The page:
ANC weighs coalition options as it faces blow in South African election

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The African National Congress was set to suffer a major blow in the country’s general election on Saturday, sparking frantic internal debates over possible permutations of a future coalition government.

With more than 98 percent of the votes counted, the ANC won 40.2 percent and the market-oriented Democratic Alliance came in second with 21.7 percent.

Jacob Zuma’s uMkhonto weSizwe party, whose formation six months ago upended the electoral math, won 14.7 percent, a surprisingly strong figure.

The ANC is in a “state of disbelief” over the election result, according to party sources. He must now consider how he can continue to govern and whether he can retain Cyril Ramaphosa as leader.

The party’s national executive committee, its main decision-making body, will meet on Sunday to discuss what is arguably the movement’s biggest crisis in the last 30 years.

“This is apocalyptic and perhaps even existential for the ANC,” said Richard Calland, a law professor and political analyst. “This raises the question of what kind of party they want to be in the future: do they want to be a party that governs from the center and defends the constitution, or do they want to be dragged to the extreme where the populist tail wags the dog?

“It’s a shocking defeat for the ANC,” said one person close to the party.

“The bad guys will argue that it’s a defeat for Cyril and that we lost because we got rid of (Julius) Malema, Zuma, Ace (Magashule),” the person said, referring to former prominent members who had been expelled. “The other side will argue that it is a defeat because the renovation project has not been deep enough to regain the trust of voters.”

Parliament has 14 days to elect a president after the result is announced.

If there are moves to unseat Ramaphosa, there will be speculation about who might replace him and what that might mean for the makeup of any potential coalition. Analysts said that if ANC deputy president Paul Mashatile were to take power, he would be more inclined to strike a deal with Zuma’s MP and possibly Malema’s Economic Freedom Fighters, a move that would likely unsettle markets. financial.

Other names being mentioned as outside possibilities to succeed Ramaphosa include Gwede Mantashe, the powerful energy minister, and Naledi Pandor, the foreign minister.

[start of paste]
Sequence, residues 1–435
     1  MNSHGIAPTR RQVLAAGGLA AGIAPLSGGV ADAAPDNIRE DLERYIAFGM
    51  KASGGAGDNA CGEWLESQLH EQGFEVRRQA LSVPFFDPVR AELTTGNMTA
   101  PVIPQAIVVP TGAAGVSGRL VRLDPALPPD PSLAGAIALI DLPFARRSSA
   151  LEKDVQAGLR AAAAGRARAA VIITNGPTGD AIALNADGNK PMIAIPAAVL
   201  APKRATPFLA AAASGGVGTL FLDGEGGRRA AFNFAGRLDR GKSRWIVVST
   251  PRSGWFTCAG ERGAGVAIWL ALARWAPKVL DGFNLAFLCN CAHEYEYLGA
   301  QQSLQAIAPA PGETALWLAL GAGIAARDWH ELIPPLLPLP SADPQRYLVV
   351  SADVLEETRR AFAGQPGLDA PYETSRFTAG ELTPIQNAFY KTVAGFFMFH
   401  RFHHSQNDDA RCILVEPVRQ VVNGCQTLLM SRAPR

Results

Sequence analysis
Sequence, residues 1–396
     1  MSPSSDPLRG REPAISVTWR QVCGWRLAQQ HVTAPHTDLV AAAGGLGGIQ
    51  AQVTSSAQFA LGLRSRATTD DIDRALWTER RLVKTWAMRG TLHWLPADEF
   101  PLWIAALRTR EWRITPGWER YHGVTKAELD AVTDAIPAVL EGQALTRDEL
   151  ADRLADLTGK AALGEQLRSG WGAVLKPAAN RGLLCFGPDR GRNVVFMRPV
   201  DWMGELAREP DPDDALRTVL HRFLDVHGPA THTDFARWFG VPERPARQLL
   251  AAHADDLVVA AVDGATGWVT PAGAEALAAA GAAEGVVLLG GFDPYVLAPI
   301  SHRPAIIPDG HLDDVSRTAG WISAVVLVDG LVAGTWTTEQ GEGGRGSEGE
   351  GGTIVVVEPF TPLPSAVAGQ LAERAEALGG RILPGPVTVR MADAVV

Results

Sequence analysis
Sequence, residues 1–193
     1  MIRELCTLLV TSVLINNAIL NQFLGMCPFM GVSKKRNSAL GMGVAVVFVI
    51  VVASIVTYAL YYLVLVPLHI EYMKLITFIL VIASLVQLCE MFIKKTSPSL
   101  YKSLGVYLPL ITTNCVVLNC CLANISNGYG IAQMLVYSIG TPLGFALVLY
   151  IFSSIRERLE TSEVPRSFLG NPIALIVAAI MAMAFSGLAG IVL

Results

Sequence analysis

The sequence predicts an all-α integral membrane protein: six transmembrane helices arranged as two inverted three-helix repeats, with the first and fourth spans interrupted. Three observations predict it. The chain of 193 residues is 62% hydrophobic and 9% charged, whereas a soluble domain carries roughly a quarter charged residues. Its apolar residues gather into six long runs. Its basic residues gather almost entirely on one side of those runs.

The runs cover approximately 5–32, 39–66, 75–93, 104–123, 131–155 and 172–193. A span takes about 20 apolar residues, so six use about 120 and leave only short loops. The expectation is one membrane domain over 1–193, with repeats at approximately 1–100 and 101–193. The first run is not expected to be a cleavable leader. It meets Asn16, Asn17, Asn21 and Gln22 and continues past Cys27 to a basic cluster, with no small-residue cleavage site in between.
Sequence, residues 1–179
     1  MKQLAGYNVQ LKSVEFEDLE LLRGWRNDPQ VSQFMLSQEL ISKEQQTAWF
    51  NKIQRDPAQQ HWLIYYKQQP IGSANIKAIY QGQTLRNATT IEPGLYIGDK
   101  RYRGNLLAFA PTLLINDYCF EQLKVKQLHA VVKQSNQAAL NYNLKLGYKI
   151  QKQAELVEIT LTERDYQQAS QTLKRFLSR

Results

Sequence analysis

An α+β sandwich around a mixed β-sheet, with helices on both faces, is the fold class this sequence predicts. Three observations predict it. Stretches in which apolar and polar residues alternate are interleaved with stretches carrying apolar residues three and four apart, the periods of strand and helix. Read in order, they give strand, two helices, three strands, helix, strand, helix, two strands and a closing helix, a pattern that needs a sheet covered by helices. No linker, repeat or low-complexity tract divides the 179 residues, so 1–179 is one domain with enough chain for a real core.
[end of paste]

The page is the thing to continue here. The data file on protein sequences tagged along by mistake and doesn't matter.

Susan Booysen, a political analyst and professor emeritus at Wits University, gave Ramaphosa a good chance to hold on. “Even if the ANC wants to get rid of Ramaphosa, there is no credible alternative leader at the moment,” she said.

One person close to the ANC said: “I don’t think anyone is willing to raise their hand and stab Cyril yet.”

If Ramaphosa stays, analysts said the chances of a formal or informal alliance with the DA would increase. One possibility being discussed was a national unity government composed of the ANC and the DA, with other smaller parties also participating, including the Inkatha Freedom Party.

Instead, the ANC could establish a minority government with the support of the DA on an ad hoc basis. In exchange, the district attorney could be granted the position of speaker of the House, giving him control over the parliamentary process.

“Potential models are still in deep debate, but they seem to be settling on two main options,” said a DA member who spoke on condition of anonymity because he was not authorized to discuss internal party discussions.

One possibility was a bid-and-trust model “in which the DA would obtain certain political concessions and take control of the legislature,” he said.

Alternatively, the DA could consider a “comprehensive national unity government model” with the ANC and IFP to “avoid a national EFF/MK/ANC coalition which we know would be devastating for South Africa”.

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